The following is the summary of “Allergic Fungal Rhinosinusitis: The Role and Expectations of Biologics” published in the December 2022 issue of Allergy and Clinical Immunology by Luong, et al.
Immunocompetent atopic individuals are more likely to develop allergic fungal rhinosinusitis (AFRS), a noninvasive subtype of chronic rhinosinusitis with nasal polyps (CRSwNP), which is more prevalent in climates with warm temperatures and high humidity, ideal conditions for the growth of environmental fungi. It is common for patients with allergic fungal rhinosinusitis to report mild sinus symptoms despite unusual CT scan findings and a heavy burden of polyps. Serum total and fungal-specific IgE levels are typically substantially increased in patients with AFRS.
Adjuvant medicinal therapy is crucial to the success of surgery as a treatment option. To be more specific, oral and/or topical steroid use has been the standard adjuvant therapy until very recently. Although oral corticosteroids reduce recurrence after surgery, other adjunctive pharmacologic agents, such as topical and oral antifungal agents and immunotherapy, are not effect therefore not recommended by recent guidelines such as the International Consensus of Allergy and Rhinology. Recent approvals of thIn addition, recentgics omalizumab, dupilumab, and mepolizumab for the treatment of CRSwNP in general have not, included, AFRS yet to includelinical trials.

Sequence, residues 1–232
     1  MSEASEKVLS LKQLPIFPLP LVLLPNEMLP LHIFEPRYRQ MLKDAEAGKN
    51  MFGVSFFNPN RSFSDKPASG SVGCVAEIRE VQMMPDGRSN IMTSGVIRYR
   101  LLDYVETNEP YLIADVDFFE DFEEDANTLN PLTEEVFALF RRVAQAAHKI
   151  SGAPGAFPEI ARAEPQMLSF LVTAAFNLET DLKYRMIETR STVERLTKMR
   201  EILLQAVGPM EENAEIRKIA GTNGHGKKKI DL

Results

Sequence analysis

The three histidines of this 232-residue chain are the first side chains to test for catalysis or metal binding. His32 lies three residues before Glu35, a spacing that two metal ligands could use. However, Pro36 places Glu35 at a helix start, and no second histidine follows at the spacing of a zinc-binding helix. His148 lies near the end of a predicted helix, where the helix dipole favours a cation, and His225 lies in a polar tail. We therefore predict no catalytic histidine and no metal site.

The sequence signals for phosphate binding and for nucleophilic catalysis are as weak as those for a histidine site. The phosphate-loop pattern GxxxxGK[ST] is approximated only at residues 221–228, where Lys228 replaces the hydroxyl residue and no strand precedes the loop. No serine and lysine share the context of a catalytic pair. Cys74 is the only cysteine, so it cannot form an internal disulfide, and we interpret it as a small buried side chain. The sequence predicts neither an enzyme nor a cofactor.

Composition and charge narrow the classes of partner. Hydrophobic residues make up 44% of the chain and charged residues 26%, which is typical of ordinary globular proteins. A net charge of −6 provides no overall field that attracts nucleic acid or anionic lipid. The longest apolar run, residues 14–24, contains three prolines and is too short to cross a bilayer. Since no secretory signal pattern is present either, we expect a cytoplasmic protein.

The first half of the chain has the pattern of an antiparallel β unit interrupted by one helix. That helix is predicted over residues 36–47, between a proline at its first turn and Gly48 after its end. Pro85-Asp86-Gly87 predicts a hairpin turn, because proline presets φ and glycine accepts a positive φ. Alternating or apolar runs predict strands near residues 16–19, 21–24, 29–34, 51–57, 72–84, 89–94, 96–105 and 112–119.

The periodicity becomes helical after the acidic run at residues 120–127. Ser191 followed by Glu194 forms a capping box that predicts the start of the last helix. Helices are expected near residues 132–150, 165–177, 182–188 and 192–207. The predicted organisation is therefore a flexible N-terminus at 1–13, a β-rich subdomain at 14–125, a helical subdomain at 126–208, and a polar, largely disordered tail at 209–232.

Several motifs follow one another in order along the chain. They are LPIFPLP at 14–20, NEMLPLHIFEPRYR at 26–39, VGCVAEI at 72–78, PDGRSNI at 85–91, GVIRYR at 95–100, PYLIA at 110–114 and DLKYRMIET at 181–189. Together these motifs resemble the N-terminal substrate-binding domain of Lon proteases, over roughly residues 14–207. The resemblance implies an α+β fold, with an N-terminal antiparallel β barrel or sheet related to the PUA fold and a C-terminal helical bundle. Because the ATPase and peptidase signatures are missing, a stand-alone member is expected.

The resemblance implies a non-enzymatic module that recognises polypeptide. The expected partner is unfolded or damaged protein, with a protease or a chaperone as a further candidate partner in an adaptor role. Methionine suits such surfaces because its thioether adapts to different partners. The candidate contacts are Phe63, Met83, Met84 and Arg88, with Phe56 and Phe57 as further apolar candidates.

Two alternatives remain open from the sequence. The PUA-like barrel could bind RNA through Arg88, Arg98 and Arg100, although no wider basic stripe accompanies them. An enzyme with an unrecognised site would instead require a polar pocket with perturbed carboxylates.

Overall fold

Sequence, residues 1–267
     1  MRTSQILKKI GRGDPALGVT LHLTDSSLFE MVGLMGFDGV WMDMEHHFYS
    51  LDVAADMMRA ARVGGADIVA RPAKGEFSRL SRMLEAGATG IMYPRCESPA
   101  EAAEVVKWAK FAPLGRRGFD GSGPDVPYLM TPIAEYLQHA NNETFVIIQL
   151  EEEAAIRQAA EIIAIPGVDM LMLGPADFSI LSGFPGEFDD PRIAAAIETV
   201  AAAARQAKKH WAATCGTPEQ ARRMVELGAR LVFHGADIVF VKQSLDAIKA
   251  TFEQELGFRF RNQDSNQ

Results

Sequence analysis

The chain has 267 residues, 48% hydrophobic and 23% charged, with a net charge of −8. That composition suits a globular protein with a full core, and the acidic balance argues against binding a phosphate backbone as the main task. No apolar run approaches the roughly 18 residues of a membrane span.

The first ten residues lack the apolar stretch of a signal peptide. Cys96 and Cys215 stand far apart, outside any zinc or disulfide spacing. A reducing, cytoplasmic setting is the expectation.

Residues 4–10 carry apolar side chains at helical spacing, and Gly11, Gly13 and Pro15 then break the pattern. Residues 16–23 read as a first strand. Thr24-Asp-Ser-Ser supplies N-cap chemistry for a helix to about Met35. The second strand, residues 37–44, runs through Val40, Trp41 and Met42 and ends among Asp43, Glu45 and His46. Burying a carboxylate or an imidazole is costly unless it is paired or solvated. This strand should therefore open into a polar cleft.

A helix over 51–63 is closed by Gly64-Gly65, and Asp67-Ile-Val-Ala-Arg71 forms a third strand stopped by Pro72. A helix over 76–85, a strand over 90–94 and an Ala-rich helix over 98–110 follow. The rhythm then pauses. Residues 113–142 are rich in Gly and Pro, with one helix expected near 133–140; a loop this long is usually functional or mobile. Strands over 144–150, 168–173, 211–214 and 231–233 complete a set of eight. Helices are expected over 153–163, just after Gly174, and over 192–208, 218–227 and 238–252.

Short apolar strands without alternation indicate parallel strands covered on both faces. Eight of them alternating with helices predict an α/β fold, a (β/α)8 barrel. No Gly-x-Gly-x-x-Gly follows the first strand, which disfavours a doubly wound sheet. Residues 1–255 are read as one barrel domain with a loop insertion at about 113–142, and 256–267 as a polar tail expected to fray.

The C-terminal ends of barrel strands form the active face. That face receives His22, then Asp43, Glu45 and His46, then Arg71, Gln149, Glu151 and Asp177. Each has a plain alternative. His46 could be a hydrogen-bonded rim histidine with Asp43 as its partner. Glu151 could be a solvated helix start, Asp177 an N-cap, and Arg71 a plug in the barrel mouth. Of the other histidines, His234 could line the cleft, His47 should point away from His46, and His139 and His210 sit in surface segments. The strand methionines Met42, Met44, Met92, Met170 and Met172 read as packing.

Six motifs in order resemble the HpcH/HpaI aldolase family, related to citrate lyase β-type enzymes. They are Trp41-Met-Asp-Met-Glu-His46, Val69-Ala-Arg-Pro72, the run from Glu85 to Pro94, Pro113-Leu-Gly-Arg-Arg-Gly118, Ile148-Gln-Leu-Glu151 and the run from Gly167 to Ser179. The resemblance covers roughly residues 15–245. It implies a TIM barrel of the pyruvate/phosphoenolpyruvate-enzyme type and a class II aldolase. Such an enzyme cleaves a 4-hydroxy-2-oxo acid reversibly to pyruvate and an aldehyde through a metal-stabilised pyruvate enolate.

The effectiveness of these biologics on the AFRS subset of patients has been recently demonstrated in case reports and modest prospective studies. Clinical reports on the use of biologics in the treatment of AFRS are included, as well as a summary of the current understanding of the pathophysiology of AFRS and its consequences. Since biologics are recommended for treating CRSwNP, more research focusing on real-world evidence for AFRS are warranted.